Also, he gave me 2 letters to look at.
but neither one of these letters discussed the Catholic Epistles.
So, I was baffled that he did not really come through on this.
Maybe you will have more luck.
-mike
==========================================

My SUMMARY TO MIKE 12/20/2018

Hi Mike,

Lupia in brown

Yes, you had sent this to me before. Not sure why it did not show on my search this AM, I will do some search checking.
And I could also try his Twitter account.

I will cull out the extraneous stuff (noting that the Latin origin for some NT books is interesting.)

===================

One key question is that he referenced the 1980 book, not 1999. Different number of pages, different language.
Are they essentially the same? If not, we need the 1980.

The second question was whether his "3" might be a page number in the 1980.

John Lupia
After the death of pope Damasus, Eustochium requested Jerome to revise the Catholic Epistles and correct them from the Greek. (see Filippo Salmeri, ed., Epistula di Sanctu
Iheronimu ad Eustochiu / edizione critica. Quaderni di filologia medievale ; 3 (Catania : C.U.E.C.M., 1980))

===================

Here are his two notes to you, slimmed down.

John Lupia
The passage to which you refer from the book speaks about the canon of the four Gospels being in agreement or correspondence, i.e., accord with the canonical text. What you originally wanted to know was the source of the story or paraphrase which I found for you in a link from a lost letter of St. Jerome.

That above seems to be a reference to the Dominico Cavalco find, in Filippo Salmeri.
What we may be able to look for in 1980, if 1999 is a washout. However, 1999 is more available.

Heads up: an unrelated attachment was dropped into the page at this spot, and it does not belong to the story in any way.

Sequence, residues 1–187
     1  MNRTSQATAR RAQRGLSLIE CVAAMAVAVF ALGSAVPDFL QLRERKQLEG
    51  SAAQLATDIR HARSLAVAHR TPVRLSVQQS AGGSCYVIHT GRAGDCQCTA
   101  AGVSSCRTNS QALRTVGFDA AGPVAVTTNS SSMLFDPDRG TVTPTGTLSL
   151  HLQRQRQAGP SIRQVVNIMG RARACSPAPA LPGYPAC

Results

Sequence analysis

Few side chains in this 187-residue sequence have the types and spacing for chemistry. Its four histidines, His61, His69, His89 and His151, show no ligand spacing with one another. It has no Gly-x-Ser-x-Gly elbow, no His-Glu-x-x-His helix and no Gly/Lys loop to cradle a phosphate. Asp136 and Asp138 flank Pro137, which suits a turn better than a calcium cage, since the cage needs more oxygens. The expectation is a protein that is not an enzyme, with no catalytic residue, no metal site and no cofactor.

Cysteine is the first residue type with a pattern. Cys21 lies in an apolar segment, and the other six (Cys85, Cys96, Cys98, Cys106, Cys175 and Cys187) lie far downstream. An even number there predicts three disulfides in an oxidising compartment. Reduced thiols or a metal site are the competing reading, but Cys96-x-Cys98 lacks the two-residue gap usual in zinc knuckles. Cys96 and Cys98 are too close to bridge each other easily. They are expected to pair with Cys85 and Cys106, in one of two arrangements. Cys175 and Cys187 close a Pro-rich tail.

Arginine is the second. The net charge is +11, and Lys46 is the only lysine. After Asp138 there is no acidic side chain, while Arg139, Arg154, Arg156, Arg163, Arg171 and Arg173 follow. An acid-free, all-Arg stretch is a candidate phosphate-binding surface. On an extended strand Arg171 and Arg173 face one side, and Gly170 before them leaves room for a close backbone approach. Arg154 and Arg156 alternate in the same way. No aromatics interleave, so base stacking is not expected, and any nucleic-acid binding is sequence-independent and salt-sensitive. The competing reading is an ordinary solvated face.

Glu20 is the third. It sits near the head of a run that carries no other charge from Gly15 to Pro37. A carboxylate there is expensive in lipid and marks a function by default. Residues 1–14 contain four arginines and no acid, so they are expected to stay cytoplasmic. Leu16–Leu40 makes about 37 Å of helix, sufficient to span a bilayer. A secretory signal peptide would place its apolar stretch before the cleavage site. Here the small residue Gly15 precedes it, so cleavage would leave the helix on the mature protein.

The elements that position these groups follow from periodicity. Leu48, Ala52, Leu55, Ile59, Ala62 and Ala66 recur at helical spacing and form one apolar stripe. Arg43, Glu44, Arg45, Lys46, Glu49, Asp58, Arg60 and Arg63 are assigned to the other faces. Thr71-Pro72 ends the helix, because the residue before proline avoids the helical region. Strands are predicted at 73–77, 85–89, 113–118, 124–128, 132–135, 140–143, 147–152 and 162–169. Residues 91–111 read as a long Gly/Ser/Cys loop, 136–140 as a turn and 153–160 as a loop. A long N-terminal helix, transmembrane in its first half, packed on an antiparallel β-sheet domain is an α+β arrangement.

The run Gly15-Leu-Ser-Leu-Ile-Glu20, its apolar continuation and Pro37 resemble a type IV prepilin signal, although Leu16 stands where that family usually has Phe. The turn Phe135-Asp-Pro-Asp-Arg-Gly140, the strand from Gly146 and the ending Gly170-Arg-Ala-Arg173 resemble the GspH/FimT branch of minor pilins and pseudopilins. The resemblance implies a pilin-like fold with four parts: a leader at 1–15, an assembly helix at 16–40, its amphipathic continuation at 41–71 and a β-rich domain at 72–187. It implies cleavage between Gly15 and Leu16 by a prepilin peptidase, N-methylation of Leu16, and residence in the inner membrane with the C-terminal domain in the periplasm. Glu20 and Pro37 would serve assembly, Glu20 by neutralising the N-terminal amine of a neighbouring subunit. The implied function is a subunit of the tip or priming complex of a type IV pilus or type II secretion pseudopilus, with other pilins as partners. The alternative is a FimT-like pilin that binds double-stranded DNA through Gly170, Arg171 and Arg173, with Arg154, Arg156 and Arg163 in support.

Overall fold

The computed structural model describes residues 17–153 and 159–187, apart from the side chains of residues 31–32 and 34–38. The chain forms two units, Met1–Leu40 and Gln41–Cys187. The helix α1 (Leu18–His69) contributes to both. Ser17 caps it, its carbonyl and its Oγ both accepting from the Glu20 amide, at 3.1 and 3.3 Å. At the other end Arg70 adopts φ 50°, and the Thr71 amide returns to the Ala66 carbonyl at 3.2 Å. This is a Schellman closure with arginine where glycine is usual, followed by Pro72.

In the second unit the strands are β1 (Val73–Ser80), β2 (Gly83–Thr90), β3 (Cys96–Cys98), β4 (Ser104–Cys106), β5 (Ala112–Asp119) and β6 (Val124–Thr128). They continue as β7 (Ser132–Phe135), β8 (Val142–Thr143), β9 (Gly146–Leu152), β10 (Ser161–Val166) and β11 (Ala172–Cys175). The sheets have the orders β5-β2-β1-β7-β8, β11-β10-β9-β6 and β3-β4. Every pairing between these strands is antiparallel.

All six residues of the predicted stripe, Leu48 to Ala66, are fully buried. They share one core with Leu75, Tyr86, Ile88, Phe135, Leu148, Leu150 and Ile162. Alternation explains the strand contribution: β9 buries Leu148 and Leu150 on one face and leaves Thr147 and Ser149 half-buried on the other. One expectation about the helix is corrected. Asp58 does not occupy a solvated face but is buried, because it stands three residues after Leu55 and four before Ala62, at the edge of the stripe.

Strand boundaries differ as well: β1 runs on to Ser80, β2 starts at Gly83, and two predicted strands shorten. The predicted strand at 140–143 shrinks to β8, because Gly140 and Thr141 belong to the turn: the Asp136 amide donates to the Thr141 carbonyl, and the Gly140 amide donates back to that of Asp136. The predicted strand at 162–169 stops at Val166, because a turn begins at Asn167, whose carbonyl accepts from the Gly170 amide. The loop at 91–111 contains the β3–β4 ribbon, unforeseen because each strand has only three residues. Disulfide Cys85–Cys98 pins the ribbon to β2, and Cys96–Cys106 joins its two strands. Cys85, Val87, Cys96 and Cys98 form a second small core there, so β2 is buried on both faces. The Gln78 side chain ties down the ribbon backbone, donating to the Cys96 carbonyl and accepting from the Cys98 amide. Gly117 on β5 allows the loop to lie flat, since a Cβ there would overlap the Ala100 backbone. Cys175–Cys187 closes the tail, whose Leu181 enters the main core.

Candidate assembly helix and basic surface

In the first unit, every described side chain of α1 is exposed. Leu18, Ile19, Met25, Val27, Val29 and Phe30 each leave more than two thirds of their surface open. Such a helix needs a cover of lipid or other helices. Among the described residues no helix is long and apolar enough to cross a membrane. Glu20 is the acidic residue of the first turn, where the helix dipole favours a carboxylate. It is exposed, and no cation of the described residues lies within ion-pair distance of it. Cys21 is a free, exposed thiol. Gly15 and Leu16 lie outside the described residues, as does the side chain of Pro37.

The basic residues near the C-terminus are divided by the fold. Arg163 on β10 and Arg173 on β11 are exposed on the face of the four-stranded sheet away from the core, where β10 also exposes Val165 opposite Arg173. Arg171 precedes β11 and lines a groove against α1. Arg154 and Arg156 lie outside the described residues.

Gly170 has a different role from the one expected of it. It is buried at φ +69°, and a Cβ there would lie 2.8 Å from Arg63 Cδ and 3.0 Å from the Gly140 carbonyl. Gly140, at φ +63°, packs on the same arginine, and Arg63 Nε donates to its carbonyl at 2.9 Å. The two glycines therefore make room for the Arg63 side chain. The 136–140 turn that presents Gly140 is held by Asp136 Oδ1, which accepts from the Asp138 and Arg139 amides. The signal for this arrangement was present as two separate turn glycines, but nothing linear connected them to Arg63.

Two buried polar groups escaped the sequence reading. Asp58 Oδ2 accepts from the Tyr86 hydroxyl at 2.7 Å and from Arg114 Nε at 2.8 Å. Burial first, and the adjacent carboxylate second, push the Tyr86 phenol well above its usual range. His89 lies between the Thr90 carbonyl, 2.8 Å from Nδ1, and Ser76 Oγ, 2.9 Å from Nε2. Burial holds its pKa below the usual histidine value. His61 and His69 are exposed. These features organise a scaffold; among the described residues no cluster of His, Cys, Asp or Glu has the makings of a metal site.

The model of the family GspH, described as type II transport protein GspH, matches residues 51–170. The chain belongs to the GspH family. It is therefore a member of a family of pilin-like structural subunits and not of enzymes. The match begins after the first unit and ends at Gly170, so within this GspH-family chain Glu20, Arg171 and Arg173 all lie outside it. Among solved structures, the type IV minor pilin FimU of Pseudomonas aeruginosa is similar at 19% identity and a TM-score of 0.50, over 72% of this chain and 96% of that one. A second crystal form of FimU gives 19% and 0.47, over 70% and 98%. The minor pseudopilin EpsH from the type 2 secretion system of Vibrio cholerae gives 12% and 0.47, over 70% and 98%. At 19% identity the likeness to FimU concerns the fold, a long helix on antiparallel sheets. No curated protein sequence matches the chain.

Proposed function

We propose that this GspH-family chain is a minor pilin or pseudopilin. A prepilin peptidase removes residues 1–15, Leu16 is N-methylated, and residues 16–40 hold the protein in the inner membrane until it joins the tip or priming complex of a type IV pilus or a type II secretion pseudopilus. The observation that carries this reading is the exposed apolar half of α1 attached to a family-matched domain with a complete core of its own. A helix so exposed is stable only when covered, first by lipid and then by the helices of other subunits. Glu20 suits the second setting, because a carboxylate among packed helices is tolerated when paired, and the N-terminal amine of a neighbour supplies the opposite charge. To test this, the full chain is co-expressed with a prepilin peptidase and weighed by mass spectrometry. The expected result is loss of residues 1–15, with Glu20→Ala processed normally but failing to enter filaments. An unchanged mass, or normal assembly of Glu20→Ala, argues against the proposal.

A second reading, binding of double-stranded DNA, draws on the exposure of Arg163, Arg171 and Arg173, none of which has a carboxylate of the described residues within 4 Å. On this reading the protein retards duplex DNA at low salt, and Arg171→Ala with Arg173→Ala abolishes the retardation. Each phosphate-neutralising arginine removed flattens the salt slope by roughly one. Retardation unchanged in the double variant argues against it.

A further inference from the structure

The next is interesting but not directly germane, it is just:
a) Vulgate Prologue
b) interesting tidbit about Eustochium skills that I would like to find in sources

Fortunately we do have the extent preface and comments by him that relate her wishing to have him make a critical edition of the Catholic Epistles. It is largely understood by the best scholars that she made the corrections which Jerome used in his critical canonical edition of the Vulgate.

======================

Here the question is whether the frequently cited passage is simply the Vulgate Prologue.
As to they "myriad of books", unclear. Maybe, again, it is references to the Vulgate Prologue.
When are his resources at hand?

I regret to inform you that I do not have the text at hand. However, this is a very well-known and very frequently cited passage about St. Eustochium's request to St. Jerome. As I am sure you know she was a very highly educated scholar in Latin, Greek, and Hebrew, as well as an avid student of Sacred Scripture, which as a consecrated virgin and nun she read many times daily. No doubt, she knew Greek manuscripts of the Epistles which she knew from her study that needed corrections for the scribal errors apparently inherent in them; something she was cognizant about from comparisons of variant texts. This account is important in Church history since it informs us that prior to the Vulgate edition by St. Jerome circulating Greek texts varied widely as we know very well today among the textual critics with whom I worked many years ago from the scant extant antique texts we have in papyri and parchment (pergamene) scrolls or rolls (Latin = rotulis) and codices. The story about St. Eustochium's request to St. Jerome is easy to find in a myriad of books on scripture. I do not have access to any of those tomes at present otherwise I would cite sources for you. The pdf you provided shows nothing of this account. If you need additional help or cannot find anything on what you are looking for please feel free to contact me when my resources are at hand.